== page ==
Formula 1’s chief technical officer Pat Symonds believes the reaction to porpoising was overblown by the FIA, due to one team doing something “that didn’t work”.
With F1 introducing revolutionary new ground-effect-based aerodynamics in 2022, a side-effect known as ‘porpoising’ reared its head during the opening races of the season.
Porpoising saw some of the worst-affected cars bouncing their way down high-speed straights – leading to concerns for the drivers’ health and safety due to the extent and violence of the bouncing.
Matters came to a head in Azerbaijan, particularly in the high-speed third sector, with almost all of the cars porpoising – Mercedes were particularly badly affected, with Lewis Hamilton showing signs of pain and discomfort as he climbed out of his W13 at the end of the race.
That weekend saw most of the drivers start to voice health concerns due to the extent of the issue.
The FIA moved to take steps to control porpoising, starting by analysing the amount of oscillation or acceleration going through a car as it bounced. A simple solution to counter the effect is to raise the floor height of a car and, following an extensive study, an Aerodynamic Oscillation Metric (AOM) was introduced.
Put simply, a maximum value of safety for the AOM was calculated and, if a car exceeded this value, a setup change would be mandatory to bring the car in line with the max value. More permanent changes have been introduced for 2023, with a tweaked floor design being rolled out.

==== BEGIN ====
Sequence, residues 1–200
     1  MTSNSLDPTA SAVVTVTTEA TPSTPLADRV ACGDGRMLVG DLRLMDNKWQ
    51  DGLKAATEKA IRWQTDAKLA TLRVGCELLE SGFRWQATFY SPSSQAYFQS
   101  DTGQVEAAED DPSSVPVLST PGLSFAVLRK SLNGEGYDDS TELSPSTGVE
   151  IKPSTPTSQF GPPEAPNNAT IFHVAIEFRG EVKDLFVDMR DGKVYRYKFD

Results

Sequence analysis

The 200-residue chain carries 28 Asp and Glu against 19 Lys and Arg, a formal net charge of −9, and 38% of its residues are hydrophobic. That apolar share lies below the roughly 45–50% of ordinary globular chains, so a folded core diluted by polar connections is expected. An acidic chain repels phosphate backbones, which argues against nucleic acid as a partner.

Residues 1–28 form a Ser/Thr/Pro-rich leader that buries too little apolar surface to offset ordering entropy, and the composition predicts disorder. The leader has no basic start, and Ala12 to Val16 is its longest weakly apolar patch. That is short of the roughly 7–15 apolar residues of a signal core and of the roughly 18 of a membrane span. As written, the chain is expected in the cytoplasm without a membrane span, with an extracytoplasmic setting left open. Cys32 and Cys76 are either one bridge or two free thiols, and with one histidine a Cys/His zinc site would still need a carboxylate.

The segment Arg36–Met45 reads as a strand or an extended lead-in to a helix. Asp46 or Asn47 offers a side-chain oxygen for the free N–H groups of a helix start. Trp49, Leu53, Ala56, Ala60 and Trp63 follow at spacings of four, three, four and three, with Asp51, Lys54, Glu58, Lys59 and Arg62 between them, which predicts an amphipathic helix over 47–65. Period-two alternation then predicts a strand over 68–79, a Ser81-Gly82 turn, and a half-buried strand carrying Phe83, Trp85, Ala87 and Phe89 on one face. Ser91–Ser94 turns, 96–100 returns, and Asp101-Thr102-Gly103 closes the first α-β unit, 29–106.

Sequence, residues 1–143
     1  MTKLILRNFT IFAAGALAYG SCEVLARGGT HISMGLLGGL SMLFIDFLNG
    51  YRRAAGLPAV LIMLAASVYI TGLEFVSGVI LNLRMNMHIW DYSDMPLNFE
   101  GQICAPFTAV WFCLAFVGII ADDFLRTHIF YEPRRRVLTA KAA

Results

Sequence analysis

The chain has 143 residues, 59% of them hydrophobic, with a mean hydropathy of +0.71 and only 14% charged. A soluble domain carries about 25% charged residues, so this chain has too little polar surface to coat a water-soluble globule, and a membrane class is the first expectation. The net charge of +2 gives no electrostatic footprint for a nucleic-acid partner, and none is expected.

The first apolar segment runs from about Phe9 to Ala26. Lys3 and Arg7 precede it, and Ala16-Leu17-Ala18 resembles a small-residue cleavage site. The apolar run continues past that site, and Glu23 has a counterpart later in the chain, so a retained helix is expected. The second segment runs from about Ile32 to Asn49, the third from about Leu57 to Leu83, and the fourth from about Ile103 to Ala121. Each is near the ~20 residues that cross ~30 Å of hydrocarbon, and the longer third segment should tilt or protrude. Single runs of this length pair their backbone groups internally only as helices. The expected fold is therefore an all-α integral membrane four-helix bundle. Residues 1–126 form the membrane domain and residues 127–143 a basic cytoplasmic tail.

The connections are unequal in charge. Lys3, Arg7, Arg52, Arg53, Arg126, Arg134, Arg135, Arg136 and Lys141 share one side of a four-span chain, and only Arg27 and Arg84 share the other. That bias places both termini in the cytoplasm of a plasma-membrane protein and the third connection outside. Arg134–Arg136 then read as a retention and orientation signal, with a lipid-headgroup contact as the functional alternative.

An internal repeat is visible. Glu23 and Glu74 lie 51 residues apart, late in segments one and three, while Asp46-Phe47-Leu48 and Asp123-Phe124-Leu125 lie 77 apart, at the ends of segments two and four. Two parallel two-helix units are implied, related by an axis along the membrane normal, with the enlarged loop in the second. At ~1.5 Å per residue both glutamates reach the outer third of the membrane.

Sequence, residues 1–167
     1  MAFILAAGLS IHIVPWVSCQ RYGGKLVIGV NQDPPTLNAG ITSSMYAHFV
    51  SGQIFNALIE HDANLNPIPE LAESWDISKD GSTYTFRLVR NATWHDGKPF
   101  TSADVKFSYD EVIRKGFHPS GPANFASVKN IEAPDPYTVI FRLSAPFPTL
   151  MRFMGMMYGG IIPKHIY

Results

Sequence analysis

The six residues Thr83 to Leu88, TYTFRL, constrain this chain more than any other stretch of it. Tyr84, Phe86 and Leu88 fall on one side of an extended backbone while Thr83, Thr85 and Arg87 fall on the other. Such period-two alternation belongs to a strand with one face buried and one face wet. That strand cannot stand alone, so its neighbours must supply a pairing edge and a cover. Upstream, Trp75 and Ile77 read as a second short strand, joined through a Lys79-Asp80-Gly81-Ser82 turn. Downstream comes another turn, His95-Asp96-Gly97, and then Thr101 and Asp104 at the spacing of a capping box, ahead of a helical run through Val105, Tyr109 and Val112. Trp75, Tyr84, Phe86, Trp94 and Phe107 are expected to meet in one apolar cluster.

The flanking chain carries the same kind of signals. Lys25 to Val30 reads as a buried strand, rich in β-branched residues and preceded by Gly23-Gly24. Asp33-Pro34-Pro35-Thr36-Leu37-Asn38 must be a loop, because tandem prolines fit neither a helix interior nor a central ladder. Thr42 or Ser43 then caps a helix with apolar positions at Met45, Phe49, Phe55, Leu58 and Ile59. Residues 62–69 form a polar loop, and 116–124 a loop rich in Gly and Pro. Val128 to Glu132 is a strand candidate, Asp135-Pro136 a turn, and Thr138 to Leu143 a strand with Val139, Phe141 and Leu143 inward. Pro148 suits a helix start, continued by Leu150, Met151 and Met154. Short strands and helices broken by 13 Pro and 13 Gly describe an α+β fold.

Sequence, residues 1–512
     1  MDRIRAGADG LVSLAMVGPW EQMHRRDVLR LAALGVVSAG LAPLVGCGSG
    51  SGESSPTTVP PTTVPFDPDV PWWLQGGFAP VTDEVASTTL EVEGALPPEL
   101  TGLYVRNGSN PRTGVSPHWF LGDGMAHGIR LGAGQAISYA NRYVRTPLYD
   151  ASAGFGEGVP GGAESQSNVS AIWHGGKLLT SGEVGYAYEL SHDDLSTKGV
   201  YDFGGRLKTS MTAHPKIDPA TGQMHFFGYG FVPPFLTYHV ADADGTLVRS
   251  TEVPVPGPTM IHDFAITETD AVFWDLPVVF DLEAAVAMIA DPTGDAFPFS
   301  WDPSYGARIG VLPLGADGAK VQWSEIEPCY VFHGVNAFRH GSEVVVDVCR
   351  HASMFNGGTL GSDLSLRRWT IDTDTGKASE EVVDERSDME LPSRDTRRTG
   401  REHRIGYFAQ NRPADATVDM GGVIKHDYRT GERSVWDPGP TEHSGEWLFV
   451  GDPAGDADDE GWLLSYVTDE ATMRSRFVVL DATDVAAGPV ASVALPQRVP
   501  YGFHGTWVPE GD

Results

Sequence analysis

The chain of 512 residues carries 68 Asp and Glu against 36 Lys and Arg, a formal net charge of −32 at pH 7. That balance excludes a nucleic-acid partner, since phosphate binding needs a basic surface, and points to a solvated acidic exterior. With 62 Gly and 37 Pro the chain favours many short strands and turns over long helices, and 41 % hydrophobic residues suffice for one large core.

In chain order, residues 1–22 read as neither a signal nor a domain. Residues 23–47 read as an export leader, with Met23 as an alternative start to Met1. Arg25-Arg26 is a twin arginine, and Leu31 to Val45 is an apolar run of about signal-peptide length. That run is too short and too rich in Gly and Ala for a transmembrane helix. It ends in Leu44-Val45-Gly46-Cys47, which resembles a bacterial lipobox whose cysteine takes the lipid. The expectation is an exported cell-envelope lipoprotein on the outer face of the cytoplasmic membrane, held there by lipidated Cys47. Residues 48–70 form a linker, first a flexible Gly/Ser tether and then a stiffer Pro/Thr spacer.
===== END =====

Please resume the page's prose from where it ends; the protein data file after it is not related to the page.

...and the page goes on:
Pat Symonds: Porpoising wasn’t on F1’s radar
But Symonds, an esteemed car designer who worked with F1 on creating the new regulations, believes the response to porpoising was somewhat overblown, and came about as a result of a team experimenting too much with setups.
“I think they [the FIA] overreacted a bit after Baku,” Symonds told Germany’s Auto Motor und Sport.
“In Baku, we saw the worst effects because a team tried something that didn’t work and then went public quite vociferously. If people hadn’t intervened, the problems would have been solved as well. Most teams now understand how to control bouncing.”
Symonds admitted that porpoising had caught him by surprise, and said F1’s preparatory simulations should have allowed them to identify the aerodynamic side-effect before the cars had been created.
“I have to admit, it wasn’t on our radar,” he said.
“We should have had it, though. We had the means to discover it in advance because we were working with dynamic simulations. We used them, for example, to check what happens when a car spins and gets underinflated. So the type of accident that Mark Webber once had in Valencia. You need special software to do that, and we could have used it to anticipate and understand the bouncing.
“I should have known too, because I was still working on ground-effect cars. I had simply forgotten about it. Without a doubt, bouncing changed things. Teams had to solve this problem before they could work on their aerodynamics. Bouncing is not a purely aerodynamic problem. There’s also a lot of mechanics involved, for example, suspension stiffness.”
While the first year of the new regulations saw the field spread increase from 2021, with Red Bull romping their way to both titles as their RB18 was the class of the grid, Symonds said F1 is still hopeful that, as the rules mature, the field will inevitably close up – leading to more exciting racing, due to the car’s abilities to race closer wheel-to-wheel.
“We underestimated the fact that some teams still have large aerodynamics departments that have made more of the new rules,” he said.
“But we are hopeful that the gap from front to back will narrow quickly. You could already see that to a small extent during the season.”